This is the very definition of sample size theater, particularly when including a game against the Shanghai Sharks, but so far, with a lower usage, Harden is assisting more than he did previously.  That’s partly because he has better shooters surrounding him (Ryan Anderson last season averaged 2 threes per game at 37% and Eric Gordon averaged 2.5 threes at 38%) and partly because D’Antoni’s offense is putting him in better positions to produce.  While the ball is still in Harden’s hands, so far, its with his teammates in motion, rather than watching him dribble the air out of the ball.

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What impact will Nene have this season?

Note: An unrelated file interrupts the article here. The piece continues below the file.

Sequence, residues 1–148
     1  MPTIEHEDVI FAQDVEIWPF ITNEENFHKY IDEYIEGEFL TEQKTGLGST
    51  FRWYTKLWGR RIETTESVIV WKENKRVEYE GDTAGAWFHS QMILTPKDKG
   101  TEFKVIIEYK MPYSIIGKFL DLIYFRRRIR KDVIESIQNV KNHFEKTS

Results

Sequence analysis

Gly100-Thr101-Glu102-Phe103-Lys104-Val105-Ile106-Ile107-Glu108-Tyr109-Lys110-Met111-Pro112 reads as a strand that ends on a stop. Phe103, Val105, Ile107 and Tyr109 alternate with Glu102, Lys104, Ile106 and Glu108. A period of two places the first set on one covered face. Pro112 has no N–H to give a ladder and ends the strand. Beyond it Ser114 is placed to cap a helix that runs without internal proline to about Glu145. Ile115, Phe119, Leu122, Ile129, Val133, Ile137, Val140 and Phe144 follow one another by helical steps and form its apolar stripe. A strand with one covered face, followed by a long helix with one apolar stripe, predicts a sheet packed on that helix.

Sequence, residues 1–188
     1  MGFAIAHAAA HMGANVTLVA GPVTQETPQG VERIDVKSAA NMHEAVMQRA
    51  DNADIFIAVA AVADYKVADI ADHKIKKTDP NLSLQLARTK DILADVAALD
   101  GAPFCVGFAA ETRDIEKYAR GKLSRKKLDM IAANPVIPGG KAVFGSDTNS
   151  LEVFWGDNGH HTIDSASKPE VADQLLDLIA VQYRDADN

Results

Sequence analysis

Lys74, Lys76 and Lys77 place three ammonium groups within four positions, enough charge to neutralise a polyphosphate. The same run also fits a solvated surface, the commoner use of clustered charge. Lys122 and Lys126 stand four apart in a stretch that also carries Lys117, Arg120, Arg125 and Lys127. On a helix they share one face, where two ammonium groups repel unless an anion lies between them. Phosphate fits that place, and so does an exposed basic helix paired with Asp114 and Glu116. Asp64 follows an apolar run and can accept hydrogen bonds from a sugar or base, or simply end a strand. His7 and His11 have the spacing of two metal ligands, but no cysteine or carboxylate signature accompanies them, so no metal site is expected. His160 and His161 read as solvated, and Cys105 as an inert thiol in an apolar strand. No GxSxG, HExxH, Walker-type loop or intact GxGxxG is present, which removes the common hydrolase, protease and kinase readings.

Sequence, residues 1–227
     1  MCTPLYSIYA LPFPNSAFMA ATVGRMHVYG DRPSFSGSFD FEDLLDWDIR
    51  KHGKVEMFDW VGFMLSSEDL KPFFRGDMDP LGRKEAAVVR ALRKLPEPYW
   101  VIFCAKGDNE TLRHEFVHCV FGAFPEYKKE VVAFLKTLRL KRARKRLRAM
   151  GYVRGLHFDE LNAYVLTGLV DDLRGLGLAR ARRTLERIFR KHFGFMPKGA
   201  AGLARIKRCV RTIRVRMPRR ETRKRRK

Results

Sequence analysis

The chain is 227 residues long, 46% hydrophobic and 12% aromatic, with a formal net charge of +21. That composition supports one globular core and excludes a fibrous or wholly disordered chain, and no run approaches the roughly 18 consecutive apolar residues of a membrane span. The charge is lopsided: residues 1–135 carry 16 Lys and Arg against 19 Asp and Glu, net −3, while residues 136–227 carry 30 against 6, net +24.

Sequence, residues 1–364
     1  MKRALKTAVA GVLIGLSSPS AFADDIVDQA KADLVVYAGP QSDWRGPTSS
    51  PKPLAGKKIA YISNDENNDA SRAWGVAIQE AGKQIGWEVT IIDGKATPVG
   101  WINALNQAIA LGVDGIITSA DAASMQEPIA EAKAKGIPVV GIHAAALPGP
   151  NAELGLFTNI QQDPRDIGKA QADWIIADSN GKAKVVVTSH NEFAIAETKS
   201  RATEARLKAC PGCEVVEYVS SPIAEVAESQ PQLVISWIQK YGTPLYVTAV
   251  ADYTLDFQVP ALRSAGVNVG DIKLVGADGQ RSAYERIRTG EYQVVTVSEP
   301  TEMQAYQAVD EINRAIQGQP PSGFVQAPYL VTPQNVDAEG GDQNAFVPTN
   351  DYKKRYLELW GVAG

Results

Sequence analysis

Before David Stern nixed the deal that would have sent Chris Paul to the L.A. Lakers, (in a move that raised eyebrows across the legal ethics community), Daryl Morey’s masterplan for rebuilding his team involved pairing Nene with center Pau Gasol.  As we know now, that never happened, James Harden is a Rocket, and the rest is history.  After what seems like a decade later, Nene is finally a Rocket, now at age 34, after having spent the past five seasons in Washington.  The big man has been drawing raves in camp thus far, with Mike D’Antoni even calling him a top-5 center when healthy.  I personally was ecstatic upon hearing news of the signing, given the incredible value of the deal.  Even despite his age and injury concerns, one would think a player of Nene’s caliber would be able to garner an offer higher than the $2.9 million at which he agreed, especially in this market.